When I moved to Lebanon to be with my parents and siblings at age 7, no mention was made about my 4-year absence while living with my grandparents in Iowa and no explanation was given as to why I was suddenly in their midst. I had been away since my youngest brother was a year old and the second youngest was 2, so they didn’t remember me. My two older siblings were only 18 and 36 months older than I. Suddenly having another sibling must have been strange for them, but what is strange–or normal, for that matter–when you’re that young?
I was, as my grandparents’ generation called it, "a little peculiar", which is a kinder and more accurate euphemism than the ones we go through by turns now, discarding them as they gradually acquire the connotation as well as denotation of the somewhat shameful phenomenon to which they’re alluding—and avoiding. Back when fewer diagnoses were household names and the word "handicap" (the locution for disability back then) was reserved for people with mobility problems, people were often more allowing of people who were odd.
All the way down to school in Beirut, I hummed and rocked, which took up even more valuable space in our cramped VW, with my two youngest brothers squeezed into the back storage pocket and us 3 older kids in the back seat. I was composing symphonies, but who knows what others were hearing?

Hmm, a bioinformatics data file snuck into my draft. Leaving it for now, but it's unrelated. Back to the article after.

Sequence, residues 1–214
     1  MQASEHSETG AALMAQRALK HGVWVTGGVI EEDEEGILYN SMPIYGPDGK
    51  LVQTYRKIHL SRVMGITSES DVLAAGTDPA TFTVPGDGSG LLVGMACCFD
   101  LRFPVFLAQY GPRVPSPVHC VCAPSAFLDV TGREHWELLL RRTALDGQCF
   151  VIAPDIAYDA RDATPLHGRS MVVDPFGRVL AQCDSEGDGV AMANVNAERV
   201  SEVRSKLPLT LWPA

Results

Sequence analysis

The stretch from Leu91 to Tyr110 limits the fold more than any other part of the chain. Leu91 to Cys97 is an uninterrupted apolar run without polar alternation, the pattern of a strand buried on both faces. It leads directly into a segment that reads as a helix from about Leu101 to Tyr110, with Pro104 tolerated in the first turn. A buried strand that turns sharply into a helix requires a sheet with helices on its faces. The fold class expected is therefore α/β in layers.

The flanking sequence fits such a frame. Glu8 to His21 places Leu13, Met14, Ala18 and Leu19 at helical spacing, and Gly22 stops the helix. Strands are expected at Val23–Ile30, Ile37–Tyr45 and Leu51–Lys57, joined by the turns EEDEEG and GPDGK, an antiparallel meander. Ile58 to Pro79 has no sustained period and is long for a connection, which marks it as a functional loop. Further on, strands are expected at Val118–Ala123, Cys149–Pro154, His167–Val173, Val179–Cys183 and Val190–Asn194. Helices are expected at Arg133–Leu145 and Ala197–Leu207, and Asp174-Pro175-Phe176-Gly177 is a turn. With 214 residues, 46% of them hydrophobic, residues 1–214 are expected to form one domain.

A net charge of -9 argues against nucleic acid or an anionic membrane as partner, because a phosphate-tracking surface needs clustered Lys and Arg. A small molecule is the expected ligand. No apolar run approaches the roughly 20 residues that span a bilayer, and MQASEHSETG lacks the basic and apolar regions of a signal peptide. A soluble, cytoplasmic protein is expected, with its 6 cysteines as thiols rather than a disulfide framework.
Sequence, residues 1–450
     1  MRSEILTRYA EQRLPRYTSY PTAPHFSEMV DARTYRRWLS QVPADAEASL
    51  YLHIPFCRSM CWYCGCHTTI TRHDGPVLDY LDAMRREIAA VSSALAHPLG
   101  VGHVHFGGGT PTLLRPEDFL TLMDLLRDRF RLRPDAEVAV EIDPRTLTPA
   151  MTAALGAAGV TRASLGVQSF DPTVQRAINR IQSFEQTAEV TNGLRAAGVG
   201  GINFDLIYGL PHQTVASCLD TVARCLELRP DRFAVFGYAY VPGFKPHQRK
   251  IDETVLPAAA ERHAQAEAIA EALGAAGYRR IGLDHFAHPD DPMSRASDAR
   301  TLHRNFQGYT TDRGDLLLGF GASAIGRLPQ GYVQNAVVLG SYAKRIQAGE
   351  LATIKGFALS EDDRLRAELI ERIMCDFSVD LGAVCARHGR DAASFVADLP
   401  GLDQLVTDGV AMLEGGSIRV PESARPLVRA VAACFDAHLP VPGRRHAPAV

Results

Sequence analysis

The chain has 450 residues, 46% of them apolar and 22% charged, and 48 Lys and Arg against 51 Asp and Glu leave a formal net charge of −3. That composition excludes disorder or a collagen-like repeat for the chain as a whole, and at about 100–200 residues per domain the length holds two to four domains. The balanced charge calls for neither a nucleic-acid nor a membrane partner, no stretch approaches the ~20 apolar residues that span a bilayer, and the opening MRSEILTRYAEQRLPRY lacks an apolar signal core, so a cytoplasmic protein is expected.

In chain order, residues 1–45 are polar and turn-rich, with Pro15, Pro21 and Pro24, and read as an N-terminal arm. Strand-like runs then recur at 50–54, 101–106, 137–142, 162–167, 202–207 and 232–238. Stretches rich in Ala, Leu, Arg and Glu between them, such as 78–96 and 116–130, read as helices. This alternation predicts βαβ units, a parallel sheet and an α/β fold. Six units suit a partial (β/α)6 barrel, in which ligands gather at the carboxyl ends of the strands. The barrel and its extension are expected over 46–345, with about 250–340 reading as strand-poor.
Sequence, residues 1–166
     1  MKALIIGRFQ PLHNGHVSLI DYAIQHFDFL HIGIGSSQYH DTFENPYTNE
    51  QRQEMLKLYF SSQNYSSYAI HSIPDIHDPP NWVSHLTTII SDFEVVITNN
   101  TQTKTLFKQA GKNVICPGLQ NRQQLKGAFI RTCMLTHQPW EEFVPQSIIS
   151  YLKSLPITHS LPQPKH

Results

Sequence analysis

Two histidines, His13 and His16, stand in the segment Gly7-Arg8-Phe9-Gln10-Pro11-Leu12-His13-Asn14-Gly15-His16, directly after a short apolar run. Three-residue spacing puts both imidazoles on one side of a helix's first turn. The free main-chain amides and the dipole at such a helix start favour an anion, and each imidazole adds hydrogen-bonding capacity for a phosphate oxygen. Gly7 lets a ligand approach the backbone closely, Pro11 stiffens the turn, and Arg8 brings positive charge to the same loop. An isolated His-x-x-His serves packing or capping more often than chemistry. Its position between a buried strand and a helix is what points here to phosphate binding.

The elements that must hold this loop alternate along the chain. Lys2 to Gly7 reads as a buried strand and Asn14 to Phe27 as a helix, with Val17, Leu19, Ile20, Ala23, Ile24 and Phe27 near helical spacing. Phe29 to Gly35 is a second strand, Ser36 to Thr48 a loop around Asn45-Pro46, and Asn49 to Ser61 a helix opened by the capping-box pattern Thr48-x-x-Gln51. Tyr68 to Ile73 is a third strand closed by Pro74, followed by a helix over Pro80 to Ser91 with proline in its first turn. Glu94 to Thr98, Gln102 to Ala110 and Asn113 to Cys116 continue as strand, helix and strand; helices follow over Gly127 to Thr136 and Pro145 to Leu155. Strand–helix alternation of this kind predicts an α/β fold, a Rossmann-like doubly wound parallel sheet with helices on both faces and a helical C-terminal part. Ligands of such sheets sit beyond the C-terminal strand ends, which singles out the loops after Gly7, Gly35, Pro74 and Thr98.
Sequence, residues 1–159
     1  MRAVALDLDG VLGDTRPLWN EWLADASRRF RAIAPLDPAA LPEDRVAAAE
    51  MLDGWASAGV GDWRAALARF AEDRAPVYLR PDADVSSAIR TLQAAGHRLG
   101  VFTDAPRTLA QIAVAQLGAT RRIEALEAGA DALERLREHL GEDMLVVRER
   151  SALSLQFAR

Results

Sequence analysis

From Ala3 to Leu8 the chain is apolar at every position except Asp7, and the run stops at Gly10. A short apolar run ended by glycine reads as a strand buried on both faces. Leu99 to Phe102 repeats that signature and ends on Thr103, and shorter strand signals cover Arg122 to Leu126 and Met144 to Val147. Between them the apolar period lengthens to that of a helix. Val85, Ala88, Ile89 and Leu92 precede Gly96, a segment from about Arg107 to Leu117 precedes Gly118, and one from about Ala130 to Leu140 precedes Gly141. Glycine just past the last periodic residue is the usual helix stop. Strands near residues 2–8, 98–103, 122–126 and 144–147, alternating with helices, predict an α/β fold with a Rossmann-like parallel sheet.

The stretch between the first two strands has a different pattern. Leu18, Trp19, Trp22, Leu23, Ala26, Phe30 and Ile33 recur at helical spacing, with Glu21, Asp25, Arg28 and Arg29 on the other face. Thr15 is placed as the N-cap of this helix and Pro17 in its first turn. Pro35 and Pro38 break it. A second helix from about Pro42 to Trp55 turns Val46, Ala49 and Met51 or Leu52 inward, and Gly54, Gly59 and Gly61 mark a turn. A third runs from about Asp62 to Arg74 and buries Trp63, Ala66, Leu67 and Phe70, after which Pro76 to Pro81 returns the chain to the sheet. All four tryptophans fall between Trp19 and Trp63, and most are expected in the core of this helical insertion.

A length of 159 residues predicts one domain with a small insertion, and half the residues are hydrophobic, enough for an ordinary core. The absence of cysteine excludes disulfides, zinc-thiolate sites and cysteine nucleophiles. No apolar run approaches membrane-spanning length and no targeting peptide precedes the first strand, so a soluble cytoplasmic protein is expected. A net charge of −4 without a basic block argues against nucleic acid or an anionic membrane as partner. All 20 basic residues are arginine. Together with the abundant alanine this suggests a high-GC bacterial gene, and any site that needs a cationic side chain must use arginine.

Walking up the Stinky Stairs to my father’s office one dismal rainy day after school, I stepped in some urine and feces. Men urinated on public walls outside. Depressed, hungry, exhausted from school, my delicate senses overwhelmed, I cried inconsolably for 4 straight hours. My father made me write and hand-deliver letters of apology to all the professors in his department at the American University for my disruptive behavior.
Penmanship has always been excruciating for me. Though I didn’t even know of the existence of carbon paper, I fantasized about some kind of paper that you could place in between other pages and copy letters without having to write each of them. (I’m convinced I would have invented some primitive form of it by 3rd grade.)
I presented these letters to each of the professors, who accepted it kindly, perhaps taken aback by my need to apologize. After that, I sublimated any sadness into quiet resentment and anger, as well as autistic frustrated rage.
My precocious older sister, with whom I shared a bedroom, found me embarrassing. She had no idea why I was clumsy and uncoordinated, socially immature and demanding of attention; why I had such a hard time tying my shoes, dressing myself in any coherent way, cleaning my part of our room; why I whiled away hour after hour rocking myself into a natural high to my Four Tops or Ricky Nelson singles. My mother explained that I was "artistic". As an offspring of a serious artist, who absolved us from chores only if we spent the time drawing or, better yet, posing for her, weren’t all us kids artists, she wondered?
Though nobody back then used the word "autistic" in polite company, my third-grade teacher, at least, knew of my diagnosis. She was educated enough to attempt behavior intervention techniques just then coming into vogue. I knew and resented that I was being treated differently from my peers. I chafed at not being "normal".